CUPTERINO, CAL. (SatireWire.com) — Apple iPhones secretly track and record their owners’ location, a potentially devastating privacy breach that experts warn could force people to face the fact that they never really go anywhere interesting.
British researchers who uncovered the hidden file say it logs the phone’s whereabouts for the previous 10 months, and includes a date and time stamp with each location. They also created a program allowing users to upload their data and build a map that researchers termed “remarkably detailed” and iPhone owners called “depressingly accurate.”
Apple claims the application helps it improve location-based services, but iPhone users were upset.
“I find it absolutely outrageous that my phone has been secretly documenting the fact that for nearly the past year, I have been going, basically, nowhere,” said Daphne Coleridge, a receptionist and mother of two in Houston. “This is a map of tedium. Home, school, work, store, home, school, work, store, home… wait… dentist. I stand corrected.”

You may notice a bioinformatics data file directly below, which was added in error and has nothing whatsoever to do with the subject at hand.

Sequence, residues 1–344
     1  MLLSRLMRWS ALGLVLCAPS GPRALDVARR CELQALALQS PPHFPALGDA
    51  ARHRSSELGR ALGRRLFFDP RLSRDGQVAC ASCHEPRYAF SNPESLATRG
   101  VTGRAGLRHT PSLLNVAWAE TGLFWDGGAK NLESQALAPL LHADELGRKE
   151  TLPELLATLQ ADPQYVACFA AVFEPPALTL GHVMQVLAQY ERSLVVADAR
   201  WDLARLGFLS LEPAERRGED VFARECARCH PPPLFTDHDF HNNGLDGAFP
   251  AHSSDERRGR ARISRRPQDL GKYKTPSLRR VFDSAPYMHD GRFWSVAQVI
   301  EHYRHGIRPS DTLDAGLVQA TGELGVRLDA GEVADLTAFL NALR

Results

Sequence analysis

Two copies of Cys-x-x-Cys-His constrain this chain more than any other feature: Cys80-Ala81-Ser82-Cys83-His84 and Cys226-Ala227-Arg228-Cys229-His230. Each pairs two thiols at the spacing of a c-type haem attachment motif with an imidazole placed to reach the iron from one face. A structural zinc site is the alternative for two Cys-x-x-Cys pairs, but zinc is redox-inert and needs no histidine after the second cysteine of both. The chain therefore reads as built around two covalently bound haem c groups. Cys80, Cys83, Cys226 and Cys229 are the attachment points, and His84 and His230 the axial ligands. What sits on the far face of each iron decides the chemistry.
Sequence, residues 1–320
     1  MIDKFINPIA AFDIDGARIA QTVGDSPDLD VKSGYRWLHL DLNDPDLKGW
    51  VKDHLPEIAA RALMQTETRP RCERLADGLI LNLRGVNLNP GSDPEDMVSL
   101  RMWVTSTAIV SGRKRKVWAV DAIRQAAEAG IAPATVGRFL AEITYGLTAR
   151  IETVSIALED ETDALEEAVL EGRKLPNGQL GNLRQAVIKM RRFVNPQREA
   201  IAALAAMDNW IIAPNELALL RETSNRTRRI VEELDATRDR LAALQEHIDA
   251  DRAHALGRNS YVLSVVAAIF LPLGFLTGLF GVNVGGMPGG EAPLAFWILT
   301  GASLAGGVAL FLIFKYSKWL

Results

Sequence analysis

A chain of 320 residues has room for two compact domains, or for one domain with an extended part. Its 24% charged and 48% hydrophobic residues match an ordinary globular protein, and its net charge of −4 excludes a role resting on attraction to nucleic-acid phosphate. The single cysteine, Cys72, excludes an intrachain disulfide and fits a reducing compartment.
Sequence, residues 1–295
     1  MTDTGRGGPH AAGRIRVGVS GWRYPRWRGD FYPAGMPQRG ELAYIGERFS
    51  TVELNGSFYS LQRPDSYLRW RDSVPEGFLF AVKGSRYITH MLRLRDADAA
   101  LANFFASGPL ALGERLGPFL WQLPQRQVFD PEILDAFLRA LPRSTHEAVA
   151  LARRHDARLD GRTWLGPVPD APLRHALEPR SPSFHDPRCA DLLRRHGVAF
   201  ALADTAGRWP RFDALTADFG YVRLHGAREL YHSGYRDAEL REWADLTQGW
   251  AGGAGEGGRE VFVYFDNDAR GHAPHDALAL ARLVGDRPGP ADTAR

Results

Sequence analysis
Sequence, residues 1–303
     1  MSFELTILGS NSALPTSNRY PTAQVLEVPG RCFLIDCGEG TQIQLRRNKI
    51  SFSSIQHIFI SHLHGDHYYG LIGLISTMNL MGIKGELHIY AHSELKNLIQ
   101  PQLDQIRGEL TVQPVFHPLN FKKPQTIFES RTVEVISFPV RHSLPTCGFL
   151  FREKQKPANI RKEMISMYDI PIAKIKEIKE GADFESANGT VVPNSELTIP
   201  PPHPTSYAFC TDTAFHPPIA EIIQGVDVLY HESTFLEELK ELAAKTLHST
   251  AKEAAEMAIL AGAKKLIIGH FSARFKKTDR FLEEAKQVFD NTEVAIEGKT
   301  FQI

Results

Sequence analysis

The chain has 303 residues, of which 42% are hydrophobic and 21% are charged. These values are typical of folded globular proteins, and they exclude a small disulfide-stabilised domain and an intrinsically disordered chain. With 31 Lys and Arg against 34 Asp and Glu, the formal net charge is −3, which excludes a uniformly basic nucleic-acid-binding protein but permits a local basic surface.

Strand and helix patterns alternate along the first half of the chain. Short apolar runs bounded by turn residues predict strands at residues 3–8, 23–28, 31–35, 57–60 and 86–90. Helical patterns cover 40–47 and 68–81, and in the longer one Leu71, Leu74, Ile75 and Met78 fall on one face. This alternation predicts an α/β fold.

“With a few exceptions, I’ve spent the last 10 months of my life within 20 miles of the New Jersey Turnpike,” added Caldwell, N.J. resident Brian Porteri. “I’m not so much angry that Apple knows this information, I’m angry that I know this information.”
Expressing the fears of many iPhone owners, Porteri said he is concerned the information could fall into the wrong hands. “If my dad gets a hold of this file, I am screwed,” he said. “It will validate everything he’s ever said about me.”
Psychologists, in fact, are encouraging iPhone users not to attempt a mapping.
“Unless you’re a Saudi prince or Charlie Sheen, you probably won’t like what you find,” said Dr. Martin Landreaux of Chicago’s IT Institute. “In medical terms we call the experience a ‘repiphany’ – the sudden, insightful realization that you’re pretty much doing the same things over and over again.”
Despite the widespread outrage, however, not everyone finds the app offensive.
“I value routine, so for me and my wife, it confirms our life is stable,” said Mark Tedeschi, a computer programmer in London. “It shows I usually go to the same places: work, the shops, our flat, and my best mate Dan’s house. I mapped my wife’s iPhone and it’s the same with her: work, the shops, our flat, and my best mate Dan’s house. Day after day, we’re both doing exactly … hang on.”
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